I think that is all for now. Next post will be the Garlic-Potato soup, just because I love Melinda so much.

Monday, February 05, 2007

Stagnant Drink

Someone found my blog by searching for the words in the title of this post. How interesting!

I need some motivation. I had my THIRD interview at Office Supply Store today. They are kinda out of control. They are supposed to let me know if I am hired by the end of the day, so that will be good to know. But I don't want to do any work as I am sad about money. Tomorrow night I have a teaching "audition" at one of those standardized test prep places, so I should get to work on that now.

Sunday, February 04, 2007


I might try to start posting every Sunday, so at least I'll write something once a week. I have still not gotten back the blogging habit.

So here's what's been going on in Monkeygirl land. Right now I am beset by money troubles. My university screwed me over, as is its wont. Basically, they said I could have this loan and now all of a sudden they said I cannot, leaving me missing a large part of my expected income. I can't get another loan to replace the missing one, as I am not a half time student and I do not have a job. I decided to drop down to part time to save tuition money, but it has brought so many problems that from now on I think it is worth it for me to be half time for the rest of the time I am in school.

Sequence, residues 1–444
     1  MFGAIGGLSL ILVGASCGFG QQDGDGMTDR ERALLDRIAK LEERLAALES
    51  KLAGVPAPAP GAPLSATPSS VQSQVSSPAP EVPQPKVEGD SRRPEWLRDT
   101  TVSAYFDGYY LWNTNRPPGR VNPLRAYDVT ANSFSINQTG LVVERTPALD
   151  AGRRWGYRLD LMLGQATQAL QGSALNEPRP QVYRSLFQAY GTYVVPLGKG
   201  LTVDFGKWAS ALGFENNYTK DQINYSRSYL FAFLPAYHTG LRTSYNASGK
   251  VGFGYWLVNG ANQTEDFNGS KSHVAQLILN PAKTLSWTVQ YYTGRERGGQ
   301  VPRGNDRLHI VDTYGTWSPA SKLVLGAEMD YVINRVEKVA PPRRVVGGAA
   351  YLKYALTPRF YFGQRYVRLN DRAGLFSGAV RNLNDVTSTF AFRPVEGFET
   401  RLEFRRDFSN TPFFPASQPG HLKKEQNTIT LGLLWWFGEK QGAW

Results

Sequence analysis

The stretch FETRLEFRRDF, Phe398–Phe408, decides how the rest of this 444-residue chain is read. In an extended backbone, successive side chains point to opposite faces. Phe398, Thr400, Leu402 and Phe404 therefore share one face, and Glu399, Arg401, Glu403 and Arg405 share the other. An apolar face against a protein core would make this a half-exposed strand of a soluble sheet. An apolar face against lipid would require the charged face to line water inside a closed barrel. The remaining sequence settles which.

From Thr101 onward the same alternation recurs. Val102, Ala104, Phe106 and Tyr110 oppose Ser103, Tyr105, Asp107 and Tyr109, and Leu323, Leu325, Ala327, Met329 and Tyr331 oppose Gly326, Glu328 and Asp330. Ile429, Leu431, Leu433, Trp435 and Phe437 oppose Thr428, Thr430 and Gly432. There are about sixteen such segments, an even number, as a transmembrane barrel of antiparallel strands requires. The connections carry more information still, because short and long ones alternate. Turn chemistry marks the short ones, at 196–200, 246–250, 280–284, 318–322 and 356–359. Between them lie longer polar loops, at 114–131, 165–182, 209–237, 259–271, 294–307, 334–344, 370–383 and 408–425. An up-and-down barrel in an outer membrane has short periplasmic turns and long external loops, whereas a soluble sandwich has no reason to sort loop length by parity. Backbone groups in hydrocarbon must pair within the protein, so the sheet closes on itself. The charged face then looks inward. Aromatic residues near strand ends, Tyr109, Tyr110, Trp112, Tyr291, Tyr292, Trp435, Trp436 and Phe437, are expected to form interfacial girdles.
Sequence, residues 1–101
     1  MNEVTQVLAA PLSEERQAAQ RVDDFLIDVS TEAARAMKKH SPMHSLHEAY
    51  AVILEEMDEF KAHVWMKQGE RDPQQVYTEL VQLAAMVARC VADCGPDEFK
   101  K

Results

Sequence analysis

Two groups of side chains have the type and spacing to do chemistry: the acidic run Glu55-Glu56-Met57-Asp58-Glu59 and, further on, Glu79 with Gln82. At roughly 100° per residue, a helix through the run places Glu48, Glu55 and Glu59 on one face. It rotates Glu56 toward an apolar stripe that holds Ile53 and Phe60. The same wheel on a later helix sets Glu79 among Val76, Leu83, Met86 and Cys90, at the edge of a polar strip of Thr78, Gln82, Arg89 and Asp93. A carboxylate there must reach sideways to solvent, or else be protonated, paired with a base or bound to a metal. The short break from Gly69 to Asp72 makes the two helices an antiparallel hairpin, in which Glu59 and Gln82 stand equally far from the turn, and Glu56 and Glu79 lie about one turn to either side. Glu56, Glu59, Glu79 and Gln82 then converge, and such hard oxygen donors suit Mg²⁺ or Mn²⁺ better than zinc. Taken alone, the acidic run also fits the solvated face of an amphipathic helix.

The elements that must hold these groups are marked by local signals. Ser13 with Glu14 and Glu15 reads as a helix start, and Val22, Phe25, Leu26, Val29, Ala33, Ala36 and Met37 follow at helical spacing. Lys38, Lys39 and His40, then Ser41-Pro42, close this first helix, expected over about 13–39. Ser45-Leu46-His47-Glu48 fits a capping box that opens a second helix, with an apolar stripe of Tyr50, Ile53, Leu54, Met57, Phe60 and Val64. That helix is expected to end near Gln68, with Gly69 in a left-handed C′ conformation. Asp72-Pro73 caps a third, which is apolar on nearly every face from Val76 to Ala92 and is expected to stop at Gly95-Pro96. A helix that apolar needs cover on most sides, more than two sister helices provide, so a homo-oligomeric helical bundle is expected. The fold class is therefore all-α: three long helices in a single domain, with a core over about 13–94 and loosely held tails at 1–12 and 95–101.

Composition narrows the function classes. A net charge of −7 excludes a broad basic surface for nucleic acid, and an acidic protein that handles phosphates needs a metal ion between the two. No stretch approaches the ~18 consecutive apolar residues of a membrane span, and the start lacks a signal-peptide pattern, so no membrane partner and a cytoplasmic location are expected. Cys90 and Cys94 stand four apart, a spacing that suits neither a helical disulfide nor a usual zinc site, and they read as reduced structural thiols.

Which may not be as long as I had feared. I'm going to send some stuff to my committee mid-March and go visit them in the beginning of April. I plan to have a ton written by then, but not to be emotionally attached to it as it will most likely be ripped apart. So we will see how that all goes.

However I still need a part-time job. It is so hard to find one! The closest I am getting now is as a cashier at a Large Office Supply Store. But it pays nearly minimum wage which is sad. I registered with a new temp agency -- we'll see if they call me more than the other one I have been registered with.

I have been having a lovely time listening to podcasts on the subway. I went to Brooklyn a zillion times this week and it was great to listen to Science Friday, NPR:Food and MuggleCast as I rode the trains.

R and I have been doing pretty well with cooking. We made Garlic-Potato soup with a beer-cheese bread on Friday and it was all very tasty. Tonight we are having a butternut squash mac and cheese.

I have some more books to post about, and pictures of food but now I think I should nap.